P.A.R.C. Mag Issue # 5 - Page 69

By: KC Loesener

You would think by now that since it's 2017, the great racial divide should no longer exist. However, things have become a little more complicated with different races mixing within our rather large melting pot. Despite the many improvements regarding race relations, and interaction, there are still several setbacks that keep impeding individuals to continue to mix. Some of the factors can stem from fear of the unknown, racial bias due to stereotypes, guilt/fragility, fear of judgment by others, living up to social/economical standards, and racism.

Dating in itself is hard enough, but interracial dating can sometimes be a wonderful experience or challenging. Many of us admire the differences in each other, it could be cultural, racial, ethnic, and sometimes we're just simply attracted to another race. We must all learn to accept the diversity within ourselves and others. This will help us to better understand interracial relationships, dating, and marriage.

Fear of the unknown is generally a standard when it comes to dating outside of your race. The fear itself is sometimes coupled with insecurities like "will the person like me?" or "I've never dated outside of my race before, what should I do?" It's simple, be yourself. Dating interracially is a little different from dating your own race, in the that you need to make sure that you leave prejudgment, and stereotypes at the door. Some of us are guilty of classifying certain races based on what we see being displayed in movies, shows, and the news media. When dating, whatever you do, don't bring up something weird, or a comment of curiosity that may turn the other party off. Know the difference between curiosity and fetishism.

Let's take a closer look at racial bias. Racial bias is not the same as racism. To be racially biased means that there is a particular thing that you don't like about a specific race. Racial bias shows up when you believe in a certain stereotype. We are all guilty of this because it is human nature to make associations based on assumptions, categorize, and then create labels. This can be easily remedied by actually getting to know a person rather than prejudging them from afar. Racism is prejudice, discrimination, verbal, and physical abuse towards someone of a different race, all while remaining superiorly dominant and limiting a racial group by way of economics, equality, and social freedoms.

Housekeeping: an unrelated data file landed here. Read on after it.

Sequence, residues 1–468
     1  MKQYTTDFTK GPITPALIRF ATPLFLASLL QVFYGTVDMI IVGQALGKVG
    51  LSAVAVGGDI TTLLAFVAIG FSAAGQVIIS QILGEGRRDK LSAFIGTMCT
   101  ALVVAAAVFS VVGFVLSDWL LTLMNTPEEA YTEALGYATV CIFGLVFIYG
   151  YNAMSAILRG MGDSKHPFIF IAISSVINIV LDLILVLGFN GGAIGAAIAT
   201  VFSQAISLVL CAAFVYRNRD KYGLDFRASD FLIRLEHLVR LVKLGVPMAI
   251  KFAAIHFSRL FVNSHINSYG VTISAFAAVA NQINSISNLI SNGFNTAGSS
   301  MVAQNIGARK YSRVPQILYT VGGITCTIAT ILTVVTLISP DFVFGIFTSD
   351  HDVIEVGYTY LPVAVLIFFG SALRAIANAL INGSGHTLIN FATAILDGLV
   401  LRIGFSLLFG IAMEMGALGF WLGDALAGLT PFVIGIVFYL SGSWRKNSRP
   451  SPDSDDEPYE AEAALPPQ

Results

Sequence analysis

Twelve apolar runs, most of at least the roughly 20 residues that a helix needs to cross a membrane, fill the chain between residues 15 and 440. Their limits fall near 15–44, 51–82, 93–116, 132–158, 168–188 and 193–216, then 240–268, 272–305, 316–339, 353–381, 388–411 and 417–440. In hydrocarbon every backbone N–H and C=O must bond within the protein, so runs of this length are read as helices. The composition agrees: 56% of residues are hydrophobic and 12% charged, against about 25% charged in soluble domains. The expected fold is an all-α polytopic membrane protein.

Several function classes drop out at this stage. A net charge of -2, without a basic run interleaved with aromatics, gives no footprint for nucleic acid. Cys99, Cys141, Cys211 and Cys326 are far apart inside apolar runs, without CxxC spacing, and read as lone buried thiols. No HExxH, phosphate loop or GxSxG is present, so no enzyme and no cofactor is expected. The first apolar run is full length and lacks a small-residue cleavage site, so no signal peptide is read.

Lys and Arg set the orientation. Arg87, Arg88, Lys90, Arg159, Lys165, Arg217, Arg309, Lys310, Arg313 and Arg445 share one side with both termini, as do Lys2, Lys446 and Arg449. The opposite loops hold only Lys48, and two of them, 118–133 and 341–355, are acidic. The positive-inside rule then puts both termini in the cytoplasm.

Many marriage couples today are finding that the challenges are generally acceptance of the relationship from family and friends. They may also encounter concealed, or even blatant racial injustices and even seething glares from onlookers. No matter the situation, it is best for the couple to understand that there may be challenges and they must face them together. Each individual in the relationship should know, and understand that the other person may have a certain level of passion regarding racial injustice that they are experiencing. The partner should empathize and become a sounding board for their significant other, they should never tell their partner how to feel, or how to react. Surprisingly, many marriages are destroyed due to lack of empathy or someone downplaying the situation.

We have to remember that marriage is a partnership. Each party has to show a level of respect and be able to understand their partner's frustrations. At no point should someone trivialize, or make light of a situation if a partner may feel that they are being discriminated against.

In society time and time again, we see racism. Will there be a time where people will learn and accept that races are mixing and having offspring?